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Using home equity for startup

Q: My wife and I own our home free and clear. The house is worth about $400,000. My wife wants to start a business and she will need some capital for leasing an office, furniture, startup wages, advertising, and some computer equipment. We think that $60,000 will do for startup costs. Rather than trying to borrow from a bank, which I think would require a lot of paperwork related to the business, we are thinking about borrowing against our house. Will we be able to deduct the interest on that type of a loan?

A: Yes, you can deduct the interest, but you have a choice to make about reporting the interest.

The tax law has different classifications of interest, some which are not deductible (e.g., personal), some which are deductible (e.g., business), and some which may be deductible, but only in years that you have qualifying income to offset (e.g., passive or investment).

Even if deductible, the deduction may be claimed on the first page of the Form 1040 without regard to whether you itemize deductions, or may be reported as an itemized deduction on Schedule A.

Interest expense is usually classified by “tracing” the use of the loan funds. That is, if the loan funds are used for a personal expense, the interest is personal, and so on.

The one exception to the tracing rules is qualified residence interest. This is generally interest paid on a loan used to acquire, construct, or improve your principal residence or one other residence.

Qualified residence interest also includes “home equity debt,” which is debt not used to acquire, construct, or improve a residence, but which is secured by a residence. Interest on debt of as much as $100,000 can be deducted under this classification.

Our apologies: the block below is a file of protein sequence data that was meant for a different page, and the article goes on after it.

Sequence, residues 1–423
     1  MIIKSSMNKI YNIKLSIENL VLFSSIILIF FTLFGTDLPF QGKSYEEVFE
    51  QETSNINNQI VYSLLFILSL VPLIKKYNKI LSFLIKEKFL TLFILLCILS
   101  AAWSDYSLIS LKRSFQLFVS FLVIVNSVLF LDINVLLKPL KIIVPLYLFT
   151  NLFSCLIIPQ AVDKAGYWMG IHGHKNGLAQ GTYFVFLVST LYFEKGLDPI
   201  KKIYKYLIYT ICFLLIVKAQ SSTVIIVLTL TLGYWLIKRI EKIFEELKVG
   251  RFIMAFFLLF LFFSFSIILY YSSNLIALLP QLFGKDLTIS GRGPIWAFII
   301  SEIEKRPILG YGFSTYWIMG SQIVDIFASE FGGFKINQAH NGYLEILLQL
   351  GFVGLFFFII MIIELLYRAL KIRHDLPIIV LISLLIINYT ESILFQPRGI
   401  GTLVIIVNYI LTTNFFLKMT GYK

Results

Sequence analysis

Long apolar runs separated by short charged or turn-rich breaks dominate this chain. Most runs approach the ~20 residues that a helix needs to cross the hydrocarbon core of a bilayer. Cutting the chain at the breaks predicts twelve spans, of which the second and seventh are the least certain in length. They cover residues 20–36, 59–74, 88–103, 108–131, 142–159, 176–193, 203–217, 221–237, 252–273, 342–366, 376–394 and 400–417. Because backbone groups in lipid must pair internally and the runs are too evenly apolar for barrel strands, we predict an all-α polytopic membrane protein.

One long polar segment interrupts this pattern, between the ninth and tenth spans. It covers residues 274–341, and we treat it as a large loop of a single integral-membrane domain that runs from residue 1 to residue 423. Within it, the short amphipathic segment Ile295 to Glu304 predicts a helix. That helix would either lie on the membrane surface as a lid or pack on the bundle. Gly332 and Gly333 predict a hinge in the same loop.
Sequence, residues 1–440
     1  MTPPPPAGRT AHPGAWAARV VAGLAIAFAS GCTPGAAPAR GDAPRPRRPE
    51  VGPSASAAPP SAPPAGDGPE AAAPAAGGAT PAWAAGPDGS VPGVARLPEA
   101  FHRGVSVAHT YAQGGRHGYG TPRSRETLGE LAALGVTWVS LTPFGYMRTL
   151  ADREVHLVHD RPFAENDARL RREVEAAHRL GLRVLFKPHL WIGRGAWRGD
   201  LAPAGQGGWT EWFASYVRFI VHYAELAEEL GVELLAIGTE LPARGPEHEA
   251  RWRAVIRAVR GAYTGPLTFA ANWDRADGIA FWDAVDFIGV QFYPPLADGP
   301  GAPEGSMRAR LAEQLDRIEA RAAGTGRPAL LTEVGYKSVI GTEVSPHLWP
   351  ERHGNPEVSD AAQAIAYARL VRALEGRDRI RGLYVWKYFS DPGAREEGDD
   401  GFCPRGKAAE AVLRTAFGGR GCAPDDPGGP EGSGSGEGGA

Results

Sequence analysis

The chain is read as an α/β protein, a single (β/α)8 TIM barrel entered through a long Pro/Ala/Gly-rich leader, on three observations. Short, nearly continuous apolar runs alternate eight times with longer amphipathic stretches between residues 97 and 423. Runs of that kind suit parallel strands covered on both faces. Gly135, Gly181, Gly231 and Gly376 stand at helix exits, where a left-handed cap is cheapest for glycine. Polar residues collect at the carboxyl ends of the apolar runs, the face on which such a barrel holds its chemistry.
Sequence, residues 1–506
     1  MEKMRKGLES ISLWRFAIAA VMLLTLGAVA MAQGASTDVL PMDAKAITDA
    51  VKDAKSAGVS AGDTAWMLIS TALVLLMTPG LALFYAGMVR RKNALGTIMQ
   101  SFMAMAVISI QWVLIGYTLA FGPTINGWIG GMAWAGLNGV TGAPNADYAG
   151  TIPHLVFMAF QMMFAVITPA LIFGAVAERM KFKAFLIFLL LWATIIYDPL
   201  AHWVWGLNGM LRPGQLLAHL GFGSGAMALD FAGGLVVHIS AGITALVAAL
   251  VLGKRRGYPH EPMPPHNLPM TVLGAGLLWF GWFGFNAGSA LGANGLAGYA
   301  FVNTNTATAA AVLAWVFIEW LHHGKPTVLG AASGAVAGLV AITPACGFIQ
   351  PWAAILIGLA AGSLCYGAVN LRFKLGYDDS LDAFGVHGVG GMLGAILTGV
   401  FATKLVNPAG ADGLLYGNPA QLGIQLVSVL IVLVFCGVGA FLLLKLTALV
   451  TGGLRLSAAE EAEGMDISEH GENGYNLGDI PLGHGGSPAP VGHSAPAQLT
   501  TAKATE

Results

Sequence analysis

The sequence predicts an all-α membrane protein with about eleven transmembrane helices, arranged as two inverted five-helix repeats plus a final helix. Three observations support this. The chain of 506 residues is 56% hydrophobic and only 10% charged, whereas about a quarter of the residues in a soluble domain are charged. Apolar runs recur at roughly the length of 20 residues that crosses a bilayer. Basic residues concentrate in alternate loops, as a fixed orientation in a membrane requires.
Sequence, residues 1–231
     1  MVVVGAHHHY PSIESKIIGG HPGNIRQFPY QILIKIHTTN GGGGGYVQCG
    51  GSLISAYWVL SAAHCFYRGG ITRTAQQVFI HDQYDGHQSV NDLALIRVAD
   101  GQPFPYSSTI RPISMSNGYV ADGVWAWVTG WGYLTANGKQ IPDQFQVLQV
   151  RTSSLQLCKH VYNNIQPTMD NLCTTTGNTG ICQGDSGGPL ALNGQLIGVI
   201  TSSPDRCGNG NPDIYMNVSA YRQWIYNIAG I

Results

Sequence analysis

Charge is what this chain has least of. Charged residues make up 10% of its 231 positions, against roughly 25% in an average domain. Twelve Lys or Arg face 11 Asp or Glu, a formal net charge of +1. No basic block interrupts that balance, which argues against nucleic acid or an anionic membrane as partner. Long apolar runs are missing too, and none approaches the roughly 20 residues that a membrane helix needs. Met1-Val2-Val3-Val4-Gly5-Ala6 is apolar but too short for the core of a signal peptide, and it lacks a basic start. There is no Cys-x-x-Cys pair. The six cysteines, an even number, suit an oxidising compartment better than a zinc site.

Any interest paid on a loan classified as qualified residence debt is deductible as residence interest without regard to how the funds are used. That is, the normal tracing rules do not apply to qualified residence debt.

Your proposed loan qualifies as home equity debt, and all interest would be classified as residence interest. This is deductible on Schedule A as an itemized deduction.

There is a special election that allows you to ignore the classification of the debt as qualified residence debt, which would allow the normal tracing rules to apply. You might want to make this election.

If you use the loan proceeds to fund your wife’s business, the interest would be classified as business interest under the tracing rules. It would be fully deductible against her business income and would end up as a deduction even if you do not itemize.

Taxpayers either claim itemized deductions or use the “standard deduction,” whichever is greater. The 2014 standard deduction for a married filing joint return is $12,400.

Without any other residence interest, it is possible that you may not itemize deductions or, even if you do, that some of the interest would be used to push you over the $12,400 threshold to itemize.

In either case, you may not get the full tax benefit from treating the interest on your proposed loan as qualified residence interest.

If you elect to ignore the qualified residence loan rules, the interest should be fully deductible and you will also leave a cushion of $100,000 of debt that could later be classified as home equity debt should you ever need to again borrow against the house.

To elect to ignore the qualified residence debt classification, you should just attach a statement to your 2014 tax return that references Treasury Regulation 1.163-10T(o)(5) and says that you elect to treat the debt as not secured by a qualified residence.

If you elect to treat the debt as not secured, it would not satisfy the qualified residence interest definition and would then be subject to the tracing rules. The election applies to the year it is made and all subsequent years.

You would typically be better off tracing the debt to the business expenditures and deducting the interest as business interest. Nonetheless, it is a good idea to evaluate the result of the two classifications before making the election on the 2014 return to make sure your situation is “typical.”

James R. Hamill is the director of Tax Practice at Reynolds, Hix & Co. in Albuquerque. He can be reached at jimhamill@rhcocpa.com.

 

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